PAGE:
Prejudices and Stereotypes

I hate tattoos. I especially hate seeing them so often adorning the skin of 20-somethings these days. When I see a person with a visible tattoo on their arm, chest, shoulder, or leg, I question their intelligence. I wish I didn’t, because I spend a lot of time telling my midgets not to judge a book by its cover.

Actually, do I tell my midgets not to judge? Now that I think about it, I think I do teach them to judge adults, at least. I tell my midgets to trust their guts. If a person sounds/talks strangely, approaches them/invades their personal space, appears threatening (dirty? aggressive? drunk? high?) to avoid them like the plague. And I have threatened them with tattoo removal via razor blade if they ever dare to mark up their skin permanently. For me, the idea of adding a tattoo is like adding another barrier to one’s personal, educational and professional success. Why put up more roadblocks to your success than there already are? Isn’t life hard enough as it is? A tattoo, to me, is not about expressing individuality. I consider a tattoo to be a short-sighted decision with long-term implications.

I watched a Russell Peters show last night on Netflix, on which he expounded upon his hatred of tattoos as only a comedian can; by making fun of people who have them. In particular he took a 19-yr old woman to task, telling her she should have her skin for at least 20 years before marking it up. Further he points out a dragon tattoo on a white guy, comparing that tattoo to one of a dragon on the arm of a Chinese guy. According to Peters, at least the Chinese guy has a cultural connection to the symbol of a dragon. Yes true, but still. Dumb.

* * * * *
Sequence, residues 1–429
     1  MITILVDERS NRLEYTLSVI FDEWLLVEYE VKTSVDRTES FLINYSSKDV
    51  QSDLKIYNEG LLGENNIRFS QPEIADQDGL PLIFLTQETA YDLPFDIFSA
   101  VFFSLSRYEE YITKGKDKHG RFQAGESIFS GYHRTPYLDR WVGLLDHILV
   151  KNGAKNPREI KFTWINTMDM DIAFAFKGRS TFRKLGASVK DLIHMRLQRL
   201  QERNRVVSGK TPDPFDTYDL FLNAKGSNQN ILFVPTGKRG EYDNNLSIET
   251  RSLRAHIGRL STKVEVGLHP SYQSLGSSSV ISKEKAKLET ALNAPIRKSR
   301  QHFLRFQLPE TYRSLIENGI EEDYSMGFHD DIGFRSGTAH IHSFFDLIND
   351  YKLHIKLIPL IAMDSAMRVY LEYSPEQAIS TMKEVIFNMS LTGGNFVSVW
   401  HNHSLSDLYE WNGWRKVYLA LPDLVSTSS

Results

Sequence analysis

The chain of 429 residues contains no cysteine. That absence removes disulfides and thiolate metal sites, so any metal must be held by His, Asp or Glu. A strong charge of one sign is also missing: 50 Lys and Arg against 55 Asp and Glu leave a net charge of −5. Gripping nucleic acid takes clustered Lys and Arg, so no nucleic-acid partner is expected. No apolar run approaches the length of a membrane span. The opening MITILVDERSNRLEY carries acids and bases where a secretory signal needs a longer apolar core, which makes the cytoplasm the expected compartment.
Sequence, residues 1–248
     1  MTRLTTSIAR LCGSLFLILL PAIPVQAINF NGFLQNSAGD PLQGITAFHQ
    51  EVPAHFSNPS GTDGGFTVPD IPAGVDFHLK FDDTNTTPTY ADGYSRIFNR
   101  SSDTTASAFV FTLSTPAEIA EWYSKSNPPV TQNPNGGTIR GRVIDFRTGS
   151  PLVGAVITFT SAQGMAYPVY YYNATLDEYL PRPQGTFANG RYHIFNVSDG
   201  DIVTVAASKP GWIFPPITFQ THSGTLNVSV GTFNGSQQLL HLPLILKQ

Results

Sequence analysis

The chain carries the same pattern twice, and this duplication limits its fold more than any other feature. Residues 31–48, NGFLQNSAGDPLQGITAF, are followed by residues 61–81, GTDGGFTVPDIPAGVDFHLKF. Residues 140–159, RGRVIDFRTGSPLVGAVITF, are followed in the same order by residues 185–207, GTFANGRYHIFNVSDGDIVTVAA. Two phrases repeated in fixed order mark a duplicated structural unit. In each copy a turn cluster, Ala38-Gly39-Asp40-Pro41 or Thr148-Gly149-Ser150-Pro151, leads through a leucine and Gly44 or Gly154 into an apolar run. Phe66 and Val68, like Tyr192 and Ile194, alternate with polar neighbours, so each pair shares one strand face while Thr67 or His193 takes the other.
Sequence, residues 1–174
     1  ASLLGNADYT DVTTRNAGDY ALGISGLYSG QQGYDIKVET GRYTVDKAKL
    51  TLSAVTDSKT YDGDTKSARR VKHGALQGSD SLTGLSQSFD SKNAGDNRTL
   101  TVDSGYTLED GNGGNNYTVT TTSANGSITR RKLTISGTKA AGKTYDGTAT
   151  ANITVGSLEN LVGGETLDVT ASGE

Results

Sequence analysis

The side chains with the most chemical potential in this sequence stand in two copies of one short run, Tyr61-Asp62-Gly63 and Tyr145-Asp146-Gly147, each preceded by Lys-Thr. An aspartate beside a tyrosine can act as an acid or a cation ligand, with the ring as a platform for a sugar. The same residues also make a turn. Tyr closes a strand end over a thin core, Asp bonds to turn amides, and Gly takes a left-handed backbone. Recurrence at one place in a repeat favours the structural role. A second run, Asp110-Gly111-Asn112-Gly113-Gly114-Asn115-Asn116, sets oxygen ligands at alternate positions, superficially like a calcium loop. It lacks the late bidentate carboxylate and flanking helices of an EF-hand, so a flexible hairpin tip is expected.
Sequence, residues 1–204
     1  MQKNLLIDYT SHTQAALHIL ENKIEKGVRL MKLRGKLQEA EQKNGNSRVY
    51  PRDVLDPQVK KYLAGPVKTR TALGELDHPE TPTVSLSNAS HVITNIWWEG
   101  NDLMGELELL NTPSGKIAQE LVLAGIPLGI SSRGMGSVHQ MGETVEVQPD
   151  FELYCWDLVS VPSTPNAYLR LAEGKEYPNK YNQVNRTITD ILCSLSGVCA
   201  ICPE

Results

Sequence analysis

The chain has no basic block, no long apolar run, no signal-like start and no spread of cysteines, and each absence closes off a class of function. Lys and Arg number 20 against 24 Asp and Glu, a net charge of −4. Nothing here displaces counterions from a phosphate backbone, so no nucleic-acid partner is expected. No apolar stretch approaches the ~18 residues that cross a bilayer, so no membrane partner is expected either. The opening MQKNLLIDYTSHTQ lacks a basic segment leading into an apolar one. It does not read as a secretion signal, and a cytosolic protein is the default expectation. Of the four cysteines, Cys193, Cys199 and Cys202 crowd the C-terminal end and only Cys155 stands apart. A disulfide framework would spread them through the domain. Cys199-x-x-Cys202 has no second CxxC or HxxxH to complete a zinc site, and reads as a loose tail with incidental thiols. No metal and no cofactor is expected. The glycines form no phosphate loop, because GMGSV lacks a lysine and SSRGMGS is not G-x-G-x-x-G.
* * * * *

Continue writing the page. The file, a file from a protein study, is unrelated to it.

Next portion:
I love (not actually) when people in their 20s have (what seem like) random images that appeal to them at the time. And with all of the foresight someone in their 20s can muster, they can’t imagine ever regretting the decision to apply permanent art work to their skin. After all, they are fully fledged adults and perfectly capable of making their own decisions. Likely they haven’t experienced real regret in their lives yet. I’m sure they think they have, that they are wise and smart, but in one’s 20s you have no idea the twists and turns your life will take in the decades to come. I remember trying to imagine the challenges and issues I might face in my far future, and I was unable to. I still am. But at least I am insightful enough to realize I don’t know everything.

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